“We can look to change as something hard and something to be feared. We can look at it as something that’s difficult and uncomfortable. Or we can look at the changes already underway in Akron as an opportunity to create a new mission for ourselves and to reinvent our city. “

So is collaboration
The other thing he promised is that such change will come with collaboration from a wide swath of people.

That’s something Darletta Logan wanted to hear.

"See the races come together and work more closely together would be an ideal situation for us”

Why does she see Horrigan as the catalyst?

“ I’m not sure if he can do it personally, but I think it can be a beginning. So being that he’s a new face for us, I think it can be a way that we can jump off on a different foot He’s different and expect different things to happen.”

The hopes of others sharing the celebration with Horrigan varied. For Richard Weiner,  they’re grounded in finding high-tech solutions for low-tech problems.

-“Sewers and fixing the potholes and all that stuff. I’d really like to see extremely intelligent people take a very far view -- 15-to-20-year-view --  about how to do that and bring in the technology necessary to make it work toward the future ... instead of just fixing little things that are in front of you all the time. “

Style and challenges
And Summit County Executive Russ Pry said he looks forward to the kind of collaborative relationship he had with Horrigan in his role as Summit County clerk of courts.

“How do we maximize government efficiency? How do we continue to look at ways to continue to streamline government services? But more importantly, how do we make sure we provide those services to the people that both Dan will represent in the city of Akron and I represent in Summit County.”

But Pry acknowledged his relationship with Akron’s new top executive may differ in style, at least, because Dan Horrigan’s style varies greatly from his elected processor, the larger-than-life Don Plusqeullic.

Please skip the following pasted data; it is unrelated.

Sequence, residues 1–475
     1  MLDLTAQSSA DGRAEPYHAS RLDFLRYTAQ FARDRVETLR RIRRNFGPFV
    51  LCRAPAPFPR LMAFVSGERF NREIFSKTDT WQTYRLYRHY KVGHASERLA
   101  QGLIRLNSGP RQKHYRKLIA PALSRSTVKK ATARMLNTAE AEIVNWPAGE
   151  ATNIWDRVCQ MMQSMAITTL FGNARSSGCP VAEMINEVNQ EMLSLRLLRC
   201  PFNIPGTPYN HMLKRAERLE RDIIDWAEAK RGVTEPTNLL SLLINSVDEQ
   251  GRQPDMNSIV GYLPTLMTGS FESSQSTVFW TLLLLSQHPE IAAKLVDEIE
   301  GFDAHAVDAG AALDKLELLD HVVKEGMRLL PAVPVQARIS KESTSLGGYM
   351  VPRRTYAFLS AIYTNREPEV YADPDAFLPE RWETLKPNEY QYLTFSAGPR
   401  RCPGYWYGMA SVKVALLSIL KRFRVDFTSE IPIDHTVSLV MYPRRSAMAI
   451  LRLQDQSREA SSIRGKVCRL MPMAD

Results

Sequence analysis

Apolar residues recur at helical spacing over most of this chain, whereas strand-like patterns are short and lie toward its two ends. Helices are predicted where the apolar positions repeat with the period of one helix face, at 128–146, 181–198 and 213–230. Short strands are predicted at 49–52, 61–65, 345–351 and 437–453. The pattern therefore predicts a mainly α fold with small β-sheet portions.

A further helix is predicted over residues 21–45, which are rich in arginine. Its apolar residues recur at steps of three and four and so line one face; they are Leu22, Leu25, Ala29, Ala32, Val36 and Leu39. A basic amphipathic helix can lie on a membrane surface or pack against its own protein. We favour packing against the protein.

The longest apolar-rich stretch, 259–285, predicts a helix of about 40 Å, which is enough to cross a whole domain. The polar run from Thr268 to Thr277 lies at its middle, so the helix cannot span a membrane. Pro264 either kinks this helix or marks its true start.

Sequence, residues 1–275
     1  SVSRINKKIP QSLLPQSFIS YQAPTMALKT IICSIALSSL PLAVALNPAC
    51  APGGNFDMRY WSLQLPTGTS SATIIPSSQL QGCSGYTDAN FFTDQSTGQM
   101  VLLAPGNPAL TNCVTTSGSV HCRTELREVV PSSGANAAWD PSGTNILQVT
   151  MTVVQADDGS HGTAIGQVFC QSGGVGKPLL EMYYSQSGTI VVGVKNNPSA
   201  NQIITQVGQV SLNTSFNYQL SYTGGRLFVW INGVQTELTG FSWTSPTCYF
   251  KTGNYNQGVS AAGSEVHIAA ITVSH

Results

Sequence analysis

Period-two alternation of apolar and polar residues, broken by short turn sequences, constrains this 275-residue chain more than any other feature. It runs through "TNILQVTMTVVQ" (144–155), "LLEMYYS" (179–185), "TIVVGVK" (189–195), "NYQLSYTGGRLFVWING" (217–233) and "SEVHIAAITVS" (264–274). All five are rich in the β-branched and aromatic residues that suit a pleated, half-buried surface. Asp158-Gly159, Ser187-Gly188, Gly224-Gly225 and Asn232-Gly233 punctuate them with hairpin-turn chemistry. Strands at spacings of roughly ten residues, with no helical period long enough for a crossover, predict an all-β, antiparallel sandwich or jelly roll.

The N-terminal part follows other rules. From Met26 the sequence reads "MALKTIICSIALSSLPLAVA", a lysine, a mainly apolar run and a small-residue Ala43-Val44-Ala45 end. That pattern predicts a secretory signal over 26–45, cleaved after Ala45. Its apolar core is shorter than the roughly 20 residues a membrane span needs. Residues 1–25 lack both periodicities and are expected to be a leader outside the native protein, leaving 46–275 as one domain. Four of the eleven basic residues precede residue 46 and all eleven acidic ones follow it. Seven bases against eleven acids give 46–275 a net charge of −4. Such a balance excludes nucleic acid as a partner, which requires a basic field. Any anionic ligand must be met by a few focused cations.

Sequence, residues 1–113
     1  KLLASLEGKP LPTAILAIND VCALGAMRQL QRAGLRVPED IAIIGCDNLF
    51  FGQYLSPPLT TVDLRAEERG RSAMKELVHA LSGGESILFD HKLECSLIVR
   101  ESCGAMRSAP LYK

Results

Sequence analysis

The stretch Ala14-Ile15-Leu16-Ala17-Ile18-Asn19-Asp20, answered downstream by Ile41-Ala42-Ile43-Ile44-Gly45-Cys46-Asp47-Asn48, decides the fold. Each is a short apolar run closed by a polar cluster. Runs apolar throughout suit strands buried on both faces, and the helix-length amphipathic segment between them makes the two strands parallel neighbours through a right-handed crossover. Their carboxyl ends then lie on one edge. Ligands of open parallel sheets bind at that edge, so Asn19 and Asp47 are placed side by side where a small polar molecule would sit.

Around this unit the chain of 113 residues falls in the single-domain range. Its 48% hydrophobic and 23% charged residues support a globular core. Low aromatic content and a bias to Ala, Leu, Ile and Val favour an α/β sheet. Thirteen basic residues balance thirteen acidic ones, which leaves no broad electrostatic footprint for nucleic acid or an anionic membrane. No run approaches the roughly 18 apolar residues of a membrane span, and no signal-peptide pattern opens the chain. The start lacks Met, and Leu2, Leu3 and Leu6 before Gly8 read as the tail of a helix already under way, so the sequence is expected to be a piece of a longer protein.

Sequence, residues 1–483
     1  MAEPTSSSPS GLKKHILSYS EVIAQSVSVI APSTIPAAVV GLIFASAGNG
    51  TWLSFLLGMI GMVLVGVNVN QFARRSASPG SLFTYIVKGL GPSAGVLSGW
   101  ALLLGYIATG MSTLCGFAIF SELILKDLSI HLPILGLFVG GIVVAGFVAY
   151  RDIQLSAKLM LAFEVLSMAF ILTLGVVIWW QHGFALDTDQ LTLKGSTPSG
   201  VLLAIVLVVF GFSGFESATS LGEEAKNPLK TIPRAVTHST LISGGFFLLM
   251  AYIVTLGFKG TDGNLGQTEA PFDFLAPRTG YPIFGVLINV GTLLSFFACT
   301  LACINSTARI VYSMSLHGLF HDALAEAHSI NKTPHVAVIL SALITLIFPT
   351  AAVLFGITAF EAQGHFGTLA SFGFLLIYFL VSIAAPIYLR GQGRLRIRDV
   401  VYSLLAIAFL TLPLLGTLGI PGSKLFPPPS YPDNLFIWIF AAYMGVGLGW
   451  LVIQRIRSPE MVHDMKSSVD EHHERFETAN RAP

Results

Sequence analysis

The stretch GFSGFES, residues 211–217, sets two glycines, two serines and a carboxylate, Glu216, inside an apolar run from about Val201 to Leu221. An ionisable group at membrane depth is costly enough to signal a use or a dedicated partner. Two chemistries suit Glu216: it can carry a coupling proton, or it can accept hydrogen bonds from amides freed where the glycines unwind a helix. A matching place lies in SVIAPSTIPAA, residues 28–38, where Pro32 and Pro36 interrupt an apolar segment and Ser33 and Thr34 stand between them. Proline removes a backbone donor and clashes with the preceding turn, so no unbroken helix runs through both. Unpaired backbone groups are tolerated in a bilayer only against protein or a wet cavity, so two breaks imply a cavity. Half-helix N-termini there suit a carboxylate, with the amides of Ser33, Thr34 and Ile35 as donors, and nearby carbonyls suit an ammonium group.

The unknowns
Steve Brooks, a political scientist at the University of Akron who lives in the city, expects competing demands for dwindling resources will be a challenge Horrigan will have to handle.

“Where do you focus economic development? Do you focus it in the center of the city or do you work with neighborhoods? It’s never all one or the other. It’s a balance."

But City Council's role in hitting that balance is an  unknown. Brooks noted that after years of living in the shadow of Plusquellic – a majority council may be trying to assert its independence.

And one of Horrigan’s big-P political challenges is already taking shape. Eddie Sipplen, the Republican who lost yesterday, promised his supporters he’ll be back.

“We now work our other plan for the next four years. And as Gen. MacArthur said, we don’t’ go away. We’ll be back. We will be back."

To which Horrigan responded, “I’ll see you in four years.”

Meanwhile, he has to prepare to take over the reins at City Hall of Jan. 1.

Related WKSU Stories

Akron selects a new man -- and model -- for mayor
Tuesday, October 27, 2015

Sipplen comes up short in Akron mayoral bid
Wednesday, November 4, 2015

Akron mayoral candidates debate insider vs. outsider virtues
Tuesday, October 13, 2015